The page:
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In accordance with the Statistics and Registration Service Act 2007, the Retail Prices Index and its derivatives have been assessed against the Code of Practice for Official Statistics and found not to meet the required standard for designation as National Statistics. The full assessment report can be found on the UK Statistics Authority website.
The RPI is a long-standing measure of UK inflation that has historically been used for a wide range of purposes such as the indexation of pensions, rents and index-linked gilts. For further information see Users and uses of consumer price inflation statistics.
RPIJ is an improved variant of the Retail Prices Index, which is calculated using formulae that meet international standards. The rationale for creating RPIJ was to give users a better alternative to the RPI if their needs were for a measure of inflation based on the same population, classifications, weights etc as the RPI. Currently, RPIJ also acts as an analytical series in that it allows users to see the impact of using the Jevons (which meets international standards) in place of the Carli formula (which does not meet international standards) in the RPI. The use of the different formulae at the elementary aggregate level is currently the only difference between the two indices. ONS does not produce detailed goods and services indices for RPIJ.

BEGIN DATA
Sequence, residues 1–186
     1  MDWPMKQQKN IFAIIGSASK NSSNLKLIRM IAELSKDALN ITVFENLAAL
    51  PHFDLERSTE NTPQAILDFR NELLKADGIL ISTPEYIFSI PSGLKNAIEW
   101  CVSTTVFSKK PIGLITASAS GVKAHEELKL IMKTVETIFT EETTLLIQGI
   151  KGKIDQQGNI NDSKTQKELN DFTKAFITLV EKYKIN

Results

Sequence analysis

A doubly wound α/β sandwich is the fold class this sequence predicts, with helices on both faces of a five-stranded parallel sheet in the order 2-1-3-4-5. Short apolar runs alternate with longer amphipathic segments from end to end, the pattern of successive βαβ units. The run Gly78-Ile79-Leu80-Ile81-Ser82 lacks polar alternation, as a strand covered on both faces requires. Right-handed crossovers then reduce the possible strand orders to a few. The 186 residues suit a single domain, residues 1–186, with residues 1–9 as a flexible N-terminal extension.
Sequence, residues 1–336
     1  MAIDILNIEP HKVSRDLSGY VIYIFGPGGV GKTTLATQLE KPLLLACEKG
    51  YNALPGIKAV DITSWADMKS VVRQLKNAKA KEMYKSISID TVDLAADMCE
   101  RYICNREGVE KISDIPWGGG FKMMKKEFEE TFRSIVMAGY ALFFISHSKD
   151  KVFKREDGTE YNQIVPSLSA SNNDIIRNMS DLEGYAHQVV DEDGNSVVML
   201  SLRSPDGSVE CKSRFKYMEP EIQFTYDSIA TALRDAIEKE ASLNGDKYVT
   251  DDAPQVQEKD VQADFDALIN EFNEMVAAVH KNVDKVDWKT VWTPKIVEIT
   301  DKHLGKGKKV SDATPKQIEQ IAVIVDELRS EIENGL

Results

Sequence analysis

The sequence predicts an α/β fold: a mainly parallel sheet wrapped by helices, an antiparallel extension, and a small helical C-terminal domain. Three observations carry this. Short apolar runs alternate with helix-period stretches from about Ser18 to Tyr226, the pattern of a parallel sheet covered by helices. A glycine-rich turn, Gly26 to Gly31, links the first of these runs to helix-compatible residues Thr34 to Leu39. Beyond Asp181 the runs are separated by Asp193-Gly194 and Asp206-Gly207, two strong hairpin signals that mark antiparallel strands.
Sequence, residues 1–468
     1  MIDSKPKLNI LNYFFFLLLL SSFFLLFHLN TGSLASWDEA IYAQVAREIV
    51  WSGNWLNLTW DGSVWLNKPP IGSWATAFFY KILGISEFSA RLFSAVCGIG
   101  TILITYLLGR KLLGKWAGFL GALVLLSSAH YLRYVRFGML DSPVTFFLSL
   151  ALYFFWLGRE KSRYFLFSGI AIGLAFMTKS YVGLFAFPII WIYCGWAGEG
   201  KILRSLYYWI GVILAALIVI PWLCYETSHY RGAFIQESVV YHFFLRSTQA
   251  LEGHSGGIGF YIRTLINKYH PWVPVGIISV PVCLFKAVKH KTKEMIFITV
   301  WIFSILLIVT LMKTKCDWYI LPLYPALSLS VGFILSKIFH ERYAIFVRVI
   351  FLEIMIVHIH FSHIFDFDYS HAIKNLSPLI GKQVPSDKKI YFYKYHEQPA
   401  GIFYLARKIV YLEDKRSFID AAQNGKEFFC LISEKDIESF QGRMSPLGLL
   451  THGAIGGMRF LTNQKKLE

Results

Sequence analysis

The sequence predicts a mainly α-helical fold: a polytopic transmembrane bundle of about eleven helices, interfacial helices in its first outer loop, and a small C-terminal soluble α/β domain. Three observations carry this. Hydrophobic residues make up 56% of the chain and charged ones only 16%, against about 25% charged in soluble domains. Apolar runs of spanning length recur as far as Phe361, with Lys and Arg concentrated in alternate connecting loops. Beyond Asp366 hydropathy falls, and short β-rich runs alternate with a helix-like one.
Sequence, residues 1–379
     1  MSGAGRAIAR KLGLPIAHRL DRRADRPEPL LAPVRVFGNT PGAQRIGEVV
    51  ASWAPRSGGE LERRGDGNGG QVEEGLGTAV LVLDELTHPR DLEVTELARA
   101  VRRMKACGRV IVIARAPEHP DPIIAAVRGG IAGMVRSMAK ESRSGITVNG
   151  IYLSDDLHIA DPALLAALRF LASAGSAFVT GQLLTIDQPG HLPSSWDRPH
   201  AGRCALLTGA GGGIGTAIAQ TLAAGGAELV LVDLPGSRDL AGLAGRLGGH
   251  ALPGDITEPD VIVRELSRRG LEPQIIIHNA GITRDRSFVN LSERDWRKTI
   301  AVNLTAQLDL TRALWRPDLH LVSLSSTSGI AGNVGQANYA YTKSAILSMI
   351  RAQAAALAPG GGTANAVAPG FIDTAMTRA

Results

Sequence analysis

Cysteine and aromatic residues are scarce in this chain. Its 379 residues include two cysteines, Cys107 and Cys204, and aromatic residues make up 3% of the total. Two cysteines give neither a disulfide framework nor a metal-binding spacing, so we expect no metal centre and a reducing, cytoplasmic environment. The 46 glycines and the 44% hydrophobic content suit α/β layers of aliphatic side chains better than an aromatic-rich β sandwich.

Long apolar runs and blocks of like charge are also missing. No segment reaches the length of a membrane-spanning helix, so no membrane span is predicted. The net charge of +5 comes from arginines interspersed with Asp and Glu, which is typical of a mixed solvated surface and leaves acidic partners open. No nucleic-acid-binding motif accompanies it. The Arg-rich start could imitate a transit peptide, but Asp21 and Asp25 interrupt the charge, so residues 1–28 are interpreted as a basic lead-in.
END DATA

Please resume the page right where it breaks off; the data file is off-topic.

In June 2014, the 12-month rate for RPIJ stood at 2.0%, up from 1.7% in May. CPIH and RPIJ broadly continue to track each other as they have done for the last two years.
The RPI 12-month rate for June 2014 stood at 2.6%, meaning that it was 0.6 percentage points higher than it would have been had it used formulae that meet international standards.
Figure D shows the RPI and RPIJ 12-month rates for the last 10 years. Over this period the RPIJ 12-month rate has been, on average, 0.5 percentage points lower than the RPI but the difference has increased to an average of 0.7 percentage points over the last 3 years. Cumulatively, inflation as measured by the RPI is 37.2% over the 10 year period, compared with 30.4% as measured by the RPIJ. The use of the Carli formula has therefore added 6.8 percentage points to the change in prices over the last 10 years.
Figure D: RPI and RPIJ 12-month rates for the last 10 years: June 2004 to June 2014